Ninna Berger has a Master of Fine Arts in Textiles from Konstfack University College of Arts, Crafts and Design in Stockholm. When working with her Master degree project in 2007, she coined the term Restruction.

ALL WORK IS EXCLUSIVELY MADE OUT OF 100% REUSED MATERIAL,
 ALL FABRIC COMES FROM BLACK SECOND HAND GARMENTS AND
 ALL GARMENTS ARE PRODUCED WITHIN AN ARTISANAL WORK PROCESS WHERE NO MATERIAL IS ALLOWED TO GO TO WASTE

2015/
My interest in clothing was awakened by the simple realization that I could make them myself. I was then about 11 years old and the supermodel era was on its height. It was with an urge of wanting to break rules and go against the stream that I found fashion as a powerful tool to use in order to be seen and to differentiate myself from a conformed group. Growing up in a very small community in rural Sweden in the 80-90’s, “being different” is something that you learn fast. This epiphany was many years later, in art school, turned into an investigation; How does our way of dress influence the way we perceive and are perceived by the world; How can fashion as tool be used as fuel in artistic research? The project grew from an art school project into a practice. Along the way there were some things that was important to me and ideas that were kept intact; In my work with Restructional Clothing I have never composed a press release; I have never had a commercial agenda and all approaches from pr-firms or other commercial interests has been declined. The project was simply never meant to be a commercial clothing-brand. These are conscious choices and in this I take pride. In my mind independence and to be anti-establishment are essential in order to stay free. It is easy to forget that we have options, that what we are told is one opinion; there are many others to explore and there are many ways to do things.

When I started my project the world of fashion was completely different from how it looks today. The conglomerates that now thrive on handbags and perfumes were in their cradle, Martin Margiela was still an obscure figure and sustainability as a word and concept was unheard of. Today it is an established fact that small designers struggle immensely to make a living and that most small brands qualify as a full time hobby financed by holding many jobs at the same time. At the same time the industry relies on small brands to distil new trends and keep them with goods to copy.

I never set out to be in the sustainable field as this is something that to me comes as a natural mind-set. My work was as an investigation on how to deconstruct and reconstruct: producing a concept where all material was forced to be re-used in an, to me, aesthetically appealing way. How do I make the old new again? How do I turn waste into a desired product using fashion as tool? When I presented my masters project in 2007 one comment was – Why make it so hard for yourself, why not just use meter by the yard? Sustainability has with time become somewhat of an industry in itself and for me another pair of chairs to fall in between. The concept of sustainability is a hypocritical green-washing idea that is yet to be proven. No large-scale profitable company in the world can claim that they are sustainable. It is a contradiction in terms and does not exist within fashion, the big companies still use child-, preferably young women- labour and the textile industry is still one of the most polluting industries that we have.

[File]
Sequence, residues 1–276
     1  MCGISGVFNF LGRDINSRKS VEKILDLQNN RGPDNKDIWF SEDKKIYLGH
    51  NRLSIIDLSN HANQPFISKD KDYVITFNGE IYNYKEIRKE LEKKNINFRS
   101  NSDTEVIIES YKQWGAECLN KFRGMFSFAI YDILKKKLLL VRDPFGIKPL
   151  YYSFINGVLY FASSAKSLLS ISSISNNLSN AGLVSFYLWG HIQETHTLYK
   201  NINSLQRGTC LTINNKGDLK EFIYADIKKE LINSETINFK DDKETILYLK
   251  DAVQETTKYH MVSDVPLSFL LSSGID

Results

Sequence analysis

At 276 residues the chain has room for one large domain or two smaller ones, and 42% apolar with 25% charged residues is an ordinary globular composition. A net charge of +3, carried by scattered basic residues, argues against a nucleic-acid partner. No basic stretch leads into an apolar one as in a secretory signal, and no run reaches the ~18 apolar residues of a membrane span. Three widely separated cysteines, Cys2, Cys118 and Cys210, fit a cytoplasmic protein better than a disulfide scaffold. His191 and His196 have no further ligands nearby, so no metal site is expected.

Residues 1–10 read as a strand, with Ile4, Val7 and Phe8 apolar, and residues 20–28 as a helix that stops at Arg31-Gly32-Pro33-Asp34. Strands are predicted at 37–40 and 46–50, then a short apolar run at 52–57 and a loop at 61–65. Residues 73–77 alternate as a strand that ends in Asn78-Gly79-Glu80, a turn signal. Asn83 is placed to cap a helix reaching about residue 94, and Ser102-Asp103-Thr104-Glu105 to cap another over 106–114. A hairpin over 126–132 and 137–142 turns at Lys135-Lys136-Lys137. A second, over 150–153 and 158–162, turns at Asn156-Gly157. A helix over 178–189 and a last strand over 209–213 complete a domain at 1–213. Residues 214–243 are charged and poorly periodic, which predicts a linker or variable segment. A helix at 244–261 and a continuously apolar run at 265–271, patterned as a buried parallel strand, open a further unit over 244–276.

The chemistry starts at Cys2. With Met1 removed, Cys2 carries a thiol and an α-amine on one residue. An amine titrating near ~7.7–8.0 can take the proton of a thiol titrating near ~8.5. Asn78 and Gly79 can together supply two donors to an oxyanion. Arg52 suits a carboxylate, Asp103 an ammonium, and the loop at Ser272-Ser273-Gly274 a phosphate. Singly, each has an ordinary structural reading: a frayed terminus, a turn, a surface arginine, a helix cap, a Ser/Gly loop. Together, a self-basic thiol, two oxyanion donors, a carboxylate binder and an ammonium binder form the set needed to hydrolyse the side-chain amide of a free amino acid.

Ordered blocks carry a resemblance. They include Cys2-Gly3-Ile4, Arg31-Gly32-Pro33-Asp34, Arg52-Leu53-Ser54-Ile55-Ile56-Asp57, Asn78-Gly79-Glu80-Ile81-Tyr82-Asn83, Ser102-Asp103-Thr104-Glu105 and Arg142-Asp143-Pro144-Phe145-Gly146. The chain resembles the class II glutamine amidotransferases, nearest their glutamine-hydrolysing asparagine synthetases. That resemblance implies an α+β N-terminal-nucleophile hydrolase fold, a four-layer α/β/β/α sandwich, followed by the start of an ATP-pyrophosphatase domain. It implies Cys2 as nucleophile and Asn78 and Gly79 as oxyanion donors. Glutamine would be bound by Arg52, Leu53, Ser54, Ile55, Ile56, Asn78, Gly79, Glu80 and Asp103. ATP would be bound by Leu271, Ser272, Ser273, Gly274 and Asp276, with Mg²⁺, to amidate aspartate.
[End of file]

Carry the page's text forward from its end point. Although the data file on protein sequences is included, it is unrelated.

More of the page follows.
I have always been strong headed and unwilling to conform to what other people think is best. But a resistance needs energy to keep burning and I haven’t found this in the field of fashion. On this www-home of Restructional Clothing I have tried to collect all the material I’ve produced over the years, some has never been documented and some has been lost but most of it is here. The handcrafted and unique garments that I have produced are to be communicated as an idea and hopefully as an inspiration even if they were made to be seen in real life – worn, touched and sometimes even heard.

Q: Why don’t you sell the clothing?
A: It takes time, a lot of time to collect, think, and construct, every little piece of material has to be hand cut and assembled. The material composition in every garment is exclusive to that garment. This makes the pieces unique. I have never made two of anything. I will have another idea and move on.

Fashion has the advantage of being very fast and it travels on a predictable timetable. The fashion system is always wanting something new and it is always hungry. This can be taken advantage of and can also become self-indulgent. These properties are also what make it into the terrible and sometimes beautiful problem that it is. Last summer I spoke at a textile biennale in Los Angeles. After my speech I got curious questions and I had to further explain my artistic methods and poetic values, but in a way that to me felt all together wrong. A few years ago I would have been triggered to argue my opinions further and try to communicate even harder. Contemplating this event I decided to listen to what the questions really said. In this now I realized I wanted to move on. My creative mind wants other type of food. It was a difficult decision but it is with a feeling of freedom that I leave this platform.

And therefor I say goodbye to Restructional Clothing for now.

Thank You for all the love and support.

X
Ninna Berger

You find the continuation of my journey here www.ninnaberger.com

Portrait By Sanna Helena Berger.